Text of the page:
Fall 2015

Tuesday Afternoons at 4:00 PM

Natural Science Annex 101


September 29, 2015

Speaker: Bruce Buffett, UC Berkeley

Title: Geomagnetic reversals and excursions: Insights into the origins of Earth's magnetic field

Abstract: Palaeomagnetic observations offer important insights into the origin of Earth's magnetic field, but a detailed reconstruction of the underlying dynamics is not feasible. A practical alternative is to construct a stochastic model for the time evolution of the dipole field. Slow changes in the field are described by a deterministic (drift) term, whereas short-time fluctuations are represented by a random (noise) term. Estimates for the drift and noise terms can be recovered from a time series of variations in the axial dipole moment over the past 2 million years. The results are used to predict a number of statistical properties of the palaeomagnetic field, including the average rates of magnetic reversals and excursions. A physical interpretation of the stochastic model suggests that reversals and excursions are part of a continuum of time variations in Earth's magnetic field, arising from convective fluctuations in the core. Relatively modest changes the amplitude of convective fluctuations can produce large changes in reversal rates, including the well-known occurrence of superchrons lasting longer than 10 million years.

Hosts: Earl O'Bannon


October 6, 2015

Speaker: IRES Students, UCSC

Title: Summer Research Project in Israel

Hosts: Delphine Defforey


October 13, 2014

Speaker: Shalev Siman Tov, UCSC

Title: The nature of carbonate fault mirrors

Hosts: Stephanie Taylor


October 20, 2015

Speaker: Brad Lipovsky, Stanford

Title: Stick-slip motion in the West Antarctic Ice Sheet

Hosts: Grace Barcheck


October 27, 2015

Speaker: Adrian Borsa, Institute of Geophysics and Planetary Physics, Scripps Institution of Oceanography, UC San Diego

Title: When the Rains Fail, the Mountains Rise: what GPS can tell us about the hydrological cycle in the western USA and beyond

Hosts: Sarah Beganskas


November 3, 2015

Speaker: Jenny Suckale, Stanford

Title: The thermomechanics of shear margins

Hosts: Grace Barcheck


November 10, 2015

Speaker: Rob Dunbar, Stanford

Title: Modern and Holocene Climate Change in the Southern Ocean and South Pacific: Evidence from New Archives and Tracers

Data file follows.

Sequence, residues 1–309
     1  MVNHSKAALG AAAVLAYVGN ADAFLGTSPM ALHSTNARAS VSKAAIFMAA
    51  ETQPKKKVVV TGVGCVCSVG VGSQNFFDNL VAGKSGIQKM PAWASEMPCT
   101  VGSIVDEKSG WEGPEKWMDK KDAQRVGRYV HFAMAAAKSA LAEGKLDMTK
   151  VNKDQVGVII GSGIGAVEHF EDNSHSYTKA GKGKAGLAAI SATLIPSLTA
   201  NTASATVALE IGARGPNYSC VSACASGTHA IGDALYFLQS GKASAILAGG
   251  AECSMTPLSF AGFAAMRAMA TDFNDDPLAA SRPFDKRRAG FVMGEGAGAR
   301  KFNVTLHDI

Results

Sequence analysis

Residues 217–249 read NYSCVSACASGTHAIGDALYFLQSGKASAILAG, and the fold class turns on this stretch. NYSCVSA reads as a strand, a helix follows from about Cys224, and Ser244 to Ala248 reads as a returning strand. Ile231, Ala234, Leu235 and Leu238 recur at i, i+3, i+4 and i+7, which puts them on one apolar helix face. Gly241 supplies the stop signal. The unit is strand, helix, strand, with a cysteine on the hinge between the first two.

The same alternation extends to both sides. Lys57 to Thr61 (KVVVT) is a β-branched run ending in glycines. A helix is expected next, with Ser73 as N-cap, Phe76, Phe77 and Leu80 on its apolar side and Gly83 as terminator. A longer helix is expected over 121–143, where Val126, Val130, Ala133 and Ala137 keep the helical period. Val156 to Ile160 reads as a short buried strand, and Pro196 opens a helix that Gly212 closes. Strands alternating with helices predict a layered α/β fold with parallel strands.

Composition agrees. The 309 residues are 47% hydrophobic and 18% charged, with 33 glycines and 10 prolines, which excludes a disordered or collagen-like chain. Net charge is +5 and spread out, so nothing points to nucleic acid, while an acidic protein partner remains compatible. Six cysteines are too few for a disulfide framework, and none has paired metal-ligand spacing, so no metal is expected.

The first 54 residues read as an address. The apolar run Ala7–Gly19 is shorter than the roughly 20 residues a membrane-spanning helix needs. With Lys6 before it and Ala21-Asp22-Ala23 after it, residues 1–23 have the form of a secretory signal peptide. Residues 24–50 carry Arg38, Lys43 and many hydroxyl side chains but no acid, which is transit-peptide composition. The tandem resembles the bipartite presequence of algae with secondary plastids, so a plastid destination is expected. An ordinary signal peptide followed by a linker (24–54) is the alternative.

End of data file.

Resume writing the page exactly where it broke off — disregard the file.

Hosts: Vicky Yuan


November 17, 2015

Speaker: Curt Storlazzi, USGS

Title: Corals, climate change, and atoll sustainability: Will Micronesians be the US's first climate change refugees?

Hosts: James Shope


November 24, 2015

Speaker: Andrew Barbour, USGS

Title: How plate boundary faults in California affect the relationship between pore pressure and dynamic strain

Hosts: Zak Kornberg


December 1, 2015

Speaker: Andrew Roberts, Naval Postgraduate School

Title: Modeling Arctic sea ice loss in next generation fully coupled Earth System Models

Abstract: Arctic sea ice is undergoing a climatic decline more rapid than at any time since the 14th and probably even the 6th century. Earth System Models are our primary tool to understand these changes in the context of global climate, yet their sea ice components collectively offer a surprisingly large spread in the timing of total loss of summer Arctic sea ice within the next century. Estimates range from within the next two decades, to after 2100. Part of the reason for this stems from limitations in the physics represented within sea ice models. While the sophistication of sea ice models has steadily grown since their inception in the late 1960s and 1970s, the resolution of coupled sea ice models has lagged other improvements and processes represented within them, and this necessarily precludes resolving important physics of the Arctic. A core reason for the resolution lag is that there still remains fundamental physics to be settled of how sea ice deforms, and without this advance, it is difficult for models to transcend the so-called multi-floe scale of between 2 and 10 km. Sea ice floes are individual slabs of frozen seawater, often carrying freeboard snow, and they give polar seas their characteristic fractured egg-shell appearance. Modeling sea ice at the multi-floe scale means we can no longer treat it as a continuum without special considerations, and that is where existing models break down. The way forward partly lies in the fractal geometry of floes, which is reflected in the multi-fractal deformation properties of sea ice, and partly in new approaches available for modeling dissipative systems. In this presentation, I detail recent advances made to model sea ice at the multi-floe scale in a new fully coupled Arctic System Model, which is a collaborative effort among seven institutions in the U.S., with the support of the National Science Foundation, the Department of Energy the Office of Naval Research, and the High Performance Computing Modernization Program in the Department of Defense.

Hosts: Saffia Hossainzadeh